The last entry on Yahoo’s new search got me thinking about search results, and in particular Google’s, which nearly everyone imitates in one form or another. We all know about the endless list of results, 10 to a page, stretching past what Tim Bray calls “the Google event horizon.” I used to think that horizon was 100 or so entries – no one will ever look further than that. But the truth is, it’s usually one page of listings, if not less.
I’ve gotten to thinking – what’s the use of having all those results? I mean, really, from a user interface point of view, the only information we gain from “Results 1 – 10 of about 3,950,000” is the rather attenuated sense that the search engine is, in fact, pretty darn thorough. That used to be a big deal, back when engines were really crappy. But these days we expect engines to be thorough. What’s the point of giving me a list of more than 3 million results when I am never, ever, ever going to go through them?
Seems to me it’s time to change the interface. Clearly many others have thought about this, from Grokker to Mooter to Vivisimo and beyond. But it’s the big guys, Google and Yahoo, that make the standards, and I think we’re getting close to the point where a new user interface paradigm is needed for search. Danny talks about invisible tabs, and that’s a good idea. But I’m not talking about intuiting what the user wants – that’s the hard stuff, and I know there are plenty of PhDs working on that. I’m talking about something much less difficult – changing the way results we get are presented.
Here’s what I’d like to see, as a small step in a new direction: A button that I can hit when the results come up which reshuffles the search in an intelligent way. In a fit of originality, I’ll call it the “reshuffle” button. Show me the first ten pages, and only those first ten. Just as I do now, I’ll scan them. If there’s nothing there, I’ll hit “Reshuffle”, and the engine shows me another 10 results, only this time, it eliminates pages that are similar to the ones it showed me before. This way, you can quickly and intuitively sift through all those results, grokking and pruning your search as you go. This is not some massively new visual approach, it’s just a quick hack that allows me to drill down. It’s this kind of stuff, I think, the simple stuff, which ends up being the most elegant and useful. I know there’s much work to be done, there are plenty of NP-hard problems to solve in search (I know because I’m trying to grok them and write them up in plain english for my book). But solving those problems will take years.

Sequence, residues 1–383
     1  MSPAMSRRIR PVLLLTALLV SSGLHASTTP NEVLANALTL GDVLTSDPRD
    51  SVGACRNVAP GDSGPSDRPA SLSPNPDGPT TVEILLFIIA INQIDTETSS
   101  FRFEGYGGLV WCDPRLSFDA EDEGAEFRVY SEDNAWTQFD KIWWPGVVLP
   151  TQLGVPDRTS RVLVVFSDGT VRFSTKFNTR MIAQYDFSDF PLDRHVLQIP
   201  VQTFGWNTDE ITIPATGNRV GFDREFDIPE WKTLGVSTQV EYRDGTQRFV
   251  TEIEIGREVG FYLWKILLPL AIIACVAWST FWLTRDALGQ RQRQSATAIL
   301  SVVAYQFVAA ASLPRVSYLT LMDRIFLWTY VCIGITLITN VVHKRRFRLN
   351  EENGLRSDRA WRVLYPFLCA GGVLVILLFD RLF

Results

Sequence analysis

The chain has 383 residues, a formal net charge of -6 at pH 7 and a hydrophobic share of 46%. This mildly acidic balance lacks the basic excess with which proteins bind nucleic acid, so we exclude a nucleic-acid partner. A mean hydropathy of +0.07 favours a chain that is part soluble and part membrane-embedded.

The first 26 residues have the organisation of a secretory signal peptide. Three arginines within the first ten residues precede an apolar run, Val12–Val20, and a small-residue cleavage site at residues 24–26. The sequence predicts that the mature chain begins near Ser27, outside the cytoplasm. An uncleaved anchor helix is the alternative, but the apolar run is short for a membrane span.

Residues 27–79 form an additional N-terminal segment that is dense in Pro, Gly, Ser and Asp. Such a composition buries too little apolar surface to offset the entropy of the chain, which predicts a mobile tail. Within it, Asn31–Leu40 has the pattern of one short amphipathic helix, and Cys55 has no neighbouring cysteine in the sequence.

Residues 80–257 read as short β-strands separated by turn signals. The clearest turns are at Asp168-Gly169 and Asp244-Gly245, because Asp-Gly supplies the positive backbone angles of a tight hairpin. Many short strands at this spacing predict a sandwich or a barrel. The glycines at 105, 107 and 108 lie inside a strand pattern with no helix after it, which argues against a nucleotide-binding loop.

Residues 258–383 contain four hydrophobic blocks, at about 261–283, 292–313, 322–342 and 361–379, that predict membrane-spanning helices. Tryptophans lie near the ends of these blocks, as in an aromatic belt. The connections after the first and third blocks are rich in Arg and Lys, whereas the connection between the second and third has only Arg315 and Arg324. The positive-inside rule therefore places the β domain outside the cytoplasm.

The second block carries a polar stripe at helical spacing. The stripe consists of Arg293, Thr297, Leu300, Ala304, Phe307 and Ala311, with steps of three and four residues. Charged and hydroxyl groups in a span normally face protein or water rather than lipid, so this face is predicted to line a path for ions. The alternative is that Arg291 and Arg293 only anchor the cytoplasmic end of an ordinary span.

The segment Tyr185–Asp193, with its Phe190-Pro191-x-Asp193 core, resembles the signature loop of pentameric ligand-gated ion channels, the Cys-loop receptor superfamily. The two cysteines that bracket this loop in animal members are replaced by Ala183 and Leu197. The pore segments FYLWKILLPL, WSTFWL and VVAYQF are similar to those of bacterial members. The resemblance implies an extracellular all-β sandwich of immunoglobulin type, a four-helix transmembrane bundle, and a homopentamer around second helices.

In my discussions with folks at Google and elsewhere, I often hear a resistance to changing search approaches due to technical reasons – clustering, for example, is not used at Google because the results are not considered relevant enough. But what about the user interface for results? The most frustrating thing in the world is seeing “Results 1 – 10 of about 3,950,000” and knowing that somewhere in that haystack is your needle. But why sift blindly through the event horizon? Maybe some UI innovation on top of the current results can help.
(While I’m ranting, I’d like the engine to suggest better query terms for me. It can’t be that hard to store user queries and cluster those which have similar constructions, query words, or results/paths taken. I’d like to hit a button that says “show me similar searches.” I think this exists somewhere, but I can’t remember where (yeah, I know about Direct Hit, that’s not what I mean exactly). It’s not quite collaborative filtering, but it points that way.)
Any readers out there know about tools or research that does some of what I’m on about, or a response as to why UI innovation is a bad/too difficult idea?